Lesson Learned: Don’t Throw Your Clubs!
I was playing golf with my soon to be son in law Joe. Our foursome had a few side wagers and I was striking the ball well, okay maybe not so well I was right of right. Any way after several errant shots I threw a wedge in frustration which in hindsight was a bad idea. I hit a cart, impaled it actually, but that wasn’t the worst of it. The impact was loud. Very loud. Joe said gunshot loud! After everyone crawled out from behind their carts, we had a good laugh. Cost me a couple hundred to have the cart repaired. I’d like to forget it, but at family gathering Joe likes bringing it up over drinks. It’s hilarious how he tells it, and to be honest I laugh a lot as well, but I don’t remember riding off into the sunset with my wedge sticking out of the fender.
Mount Pleasant, Wisconsin
A Leg Up on the Competition
I belong to Timber Ridge Golf Club in northern Wisconsin south of Minocqua. Last year in our 2018 men’s league we were on a right dogleg par five, naturally I put my third shot in the sand trap on the right of the green. As I stood in the sand with my perfect sand trap form, I heard something to my right. As I turned my head I saw a ball hit the grass about 15 feet back. The ball then hit me in the back of my right knee and rolled into the hole. It was Charlie’s second shot in the foursome behind us. My teammates yelled back at him, “What the heck are you doing?” Off to the left in another fairway was Jerry, the club golf pro and the course’s top guy. We called him over and told him about the situation. He said, “Charlie just got an albatross off your leg and it counts!” Charlie drove up to apologize and see about his ball. Unbeknownst to him it went into the hole. “I am sorry,” he replied. “I never hit a ball that far before.” How many of us have heard that one before. He found out he got an albatross and then said, “I owe you a drink.” He gets a trophy and I end up with a sore leg and one drink. However, we’re both down in the history book at Timber Ridge!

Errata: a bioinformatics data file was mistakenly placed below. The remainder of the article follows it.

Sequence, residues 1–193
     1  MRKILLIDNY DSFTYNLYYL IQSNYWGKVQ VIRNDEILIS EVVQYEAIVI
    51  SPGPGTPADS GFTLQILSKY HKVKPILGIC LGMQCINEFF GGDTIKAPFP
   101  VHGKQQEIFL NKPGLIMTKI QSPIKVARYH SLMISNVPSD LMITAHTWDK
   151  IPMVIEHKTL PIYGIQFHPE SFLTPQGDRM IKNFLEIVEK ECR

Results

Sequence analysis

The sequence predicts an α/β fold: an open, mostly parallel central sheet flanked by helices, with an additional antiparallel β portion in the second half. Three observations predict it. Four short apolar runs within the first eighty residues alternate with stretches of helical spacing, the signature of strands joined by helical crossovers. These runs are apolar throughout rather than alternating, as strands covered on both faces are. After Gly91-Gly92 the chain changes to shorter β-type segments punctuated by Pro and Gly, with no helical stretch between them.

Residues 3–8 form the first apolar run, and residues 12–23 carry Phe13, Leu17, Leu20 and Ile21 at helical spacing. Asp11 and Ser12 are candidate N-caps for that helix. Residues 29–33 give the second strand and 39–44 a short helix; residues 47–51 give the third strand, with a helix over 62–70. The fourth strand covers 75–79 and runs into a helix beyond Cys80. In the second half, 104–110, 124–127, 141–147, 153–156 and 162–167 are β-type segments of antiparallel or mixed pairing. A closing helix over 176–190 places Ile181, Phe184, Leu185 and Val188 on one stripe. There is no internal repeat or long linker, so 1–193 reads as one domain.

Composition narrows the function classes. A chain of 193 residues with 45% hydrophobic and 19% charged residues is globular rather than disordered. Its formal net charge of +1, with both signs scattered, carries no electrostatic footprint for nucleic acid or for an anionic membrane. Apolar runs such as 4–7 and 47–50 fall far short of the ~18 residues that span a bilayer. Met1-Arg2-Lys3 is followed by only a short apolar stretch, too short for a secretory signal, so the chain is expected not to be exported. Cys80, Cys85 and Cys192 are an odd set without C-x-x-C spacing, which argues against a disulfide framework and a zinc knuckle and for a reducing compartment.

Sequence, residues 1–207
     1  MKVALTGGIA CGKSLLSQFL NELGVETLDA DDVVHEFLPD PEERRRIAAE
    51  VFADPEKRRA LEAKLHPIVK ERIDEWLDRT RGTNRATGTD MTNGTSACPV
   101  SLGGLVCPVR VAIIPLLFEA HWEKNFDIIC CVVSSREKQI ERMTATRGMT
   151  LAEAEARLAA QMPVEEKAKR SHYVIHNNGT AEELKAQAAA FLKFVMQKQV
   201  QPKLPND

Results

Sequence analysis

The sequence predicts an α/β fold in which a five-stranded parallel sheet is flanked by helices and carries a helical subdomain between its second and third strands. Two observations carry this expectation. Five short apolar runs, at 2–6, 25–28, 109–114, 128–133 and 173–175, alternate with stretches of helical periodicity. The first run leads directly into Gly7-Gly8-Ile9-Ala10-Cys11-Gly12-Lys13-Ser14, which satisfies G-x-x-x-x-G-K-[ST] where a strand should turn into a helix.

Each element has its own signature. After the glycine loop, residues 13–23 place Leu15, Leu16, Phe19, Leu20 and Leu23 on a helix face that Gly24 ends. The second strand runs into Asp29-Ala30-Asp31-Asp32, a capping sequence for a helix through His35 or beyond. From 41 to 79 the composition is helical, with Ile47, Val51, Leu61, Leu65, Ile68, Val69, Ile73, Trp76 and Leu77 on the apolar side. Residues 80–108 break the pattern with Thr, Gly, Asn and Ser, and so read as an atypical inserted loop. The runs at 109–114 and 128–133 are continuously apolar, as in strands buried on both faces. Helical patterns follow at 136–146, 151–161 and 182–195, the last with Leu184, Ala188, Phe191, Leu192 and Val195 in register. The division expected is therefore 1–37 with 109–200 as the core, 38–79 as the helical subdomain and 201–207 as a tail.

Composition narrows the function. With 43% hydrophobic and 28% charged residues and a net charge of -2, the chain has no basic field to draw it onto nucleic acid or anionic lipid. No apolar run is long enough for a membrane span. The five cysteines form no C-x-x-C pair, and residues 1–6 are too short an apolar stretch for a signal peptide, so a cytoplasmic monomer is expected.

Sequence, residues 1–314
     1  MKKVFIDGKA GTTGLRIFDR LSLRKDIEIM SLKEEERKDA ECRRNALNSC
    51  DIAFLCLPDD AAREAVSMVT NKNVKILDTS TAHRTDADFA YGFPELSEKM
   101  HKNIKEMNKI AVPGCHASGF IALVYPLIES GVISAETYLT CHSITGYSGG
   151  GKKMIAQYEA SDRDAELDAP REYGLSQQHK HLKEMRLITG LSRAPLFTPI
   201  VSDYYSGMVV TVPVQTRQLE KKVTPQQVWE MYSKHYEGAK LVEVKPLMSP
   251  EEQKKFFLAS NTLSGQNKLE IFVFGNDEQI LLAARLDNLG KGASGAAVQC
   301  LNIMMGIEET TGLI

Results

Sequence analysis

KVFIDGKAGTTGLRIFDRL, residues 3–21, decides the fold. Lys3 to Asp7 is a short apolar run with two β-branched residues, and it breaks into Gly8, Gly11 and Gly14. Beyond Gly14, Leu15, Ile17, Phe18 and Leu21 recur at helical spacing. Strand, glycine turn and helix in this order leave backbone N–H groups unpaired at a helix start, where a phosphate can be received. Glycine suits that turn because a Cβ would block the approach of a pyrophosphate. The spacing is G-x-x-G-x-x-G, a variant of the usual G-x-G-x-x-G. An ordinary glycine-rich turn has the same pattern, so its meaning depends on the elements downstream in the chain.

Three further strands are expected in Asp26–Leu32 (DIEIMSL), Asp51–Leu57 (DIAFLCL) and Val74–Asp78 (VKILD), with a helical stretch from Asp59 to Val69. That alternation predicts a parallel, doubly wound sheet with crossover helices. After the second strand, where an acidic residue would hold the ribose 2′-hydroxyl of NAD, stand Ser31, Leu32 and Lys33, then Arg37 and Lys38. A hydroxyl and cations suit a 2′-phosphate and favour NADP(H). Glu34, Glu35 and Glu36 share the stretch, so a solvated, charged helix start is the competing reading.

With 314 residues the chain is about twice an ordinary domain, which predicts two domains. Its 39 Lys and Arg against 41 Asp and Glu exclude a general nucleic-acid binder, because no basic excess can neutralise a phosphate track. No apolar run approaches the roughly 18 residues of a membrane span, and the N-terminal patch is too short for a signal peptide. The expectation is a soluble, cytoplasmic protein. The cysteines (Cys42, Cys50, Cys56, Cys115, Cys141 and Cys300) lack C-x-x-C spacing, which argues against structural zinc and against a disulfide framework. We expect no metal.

Irish Eyes Were Smiling
This past summer four of us took our first golf trip to Kohler, Wisconsin. We played 36 holes the first day at Blackwolf Run and followed it with 18 holes at Whistling Straits the following morning. We came up to the par 3, 11th hole on the Irish course; wind blowing in our face, Lake Michigan to our right and sheep feeding on the hill behind the green. I stepped to the tee and hit a 7-iron from 177. After I made contact my buddy immediately made a comment about the shot and within the next couple of seconds we hear a “DING!” and the ball dropped to the bottom of the hole for my first hole-in-one! What an unbelievable setting for a first hole in one and a moment I will never forget.
He was Jerry Sullivan, but his golf family called him “Super Sully” for his extraordinary use of all his 18+ handicap strokes. Sully, it sure seemed, was always in the money in our three holiday Calcutta outings at River Run. It was a Fourth of July event about 40 years ago. The fifth hole had a small ridge, or berm (someone tagged it Riva Ridge after the racehorse), transecting it about 150 yards from the green. Sully’s tee ball comes to rest on the upslope. He’s selected some kind of fairway wood. He always made violent swings, this one no different. Somehow — somehow! — he nicks the very top of the ball with the sole of his club. While Sully’s looking down the fairway and yelling, “Where’d it go, where’d it go?”, we’re looking skyward, because we saw where’d it went: shot straight up, about 10 feet. Losing altitude now, it’s dropping straight for the top of Sully’s head. It hits right square on the top of his noggin, takes a bounce onto the bill of his cap and drops to the fairway. Perfect! Right where he was 10 seconds ago. Sully was furious. We couldn’t wait to get to the 19th to tell the story. Strangest thing I’ve seen in 60 years in this game. True story.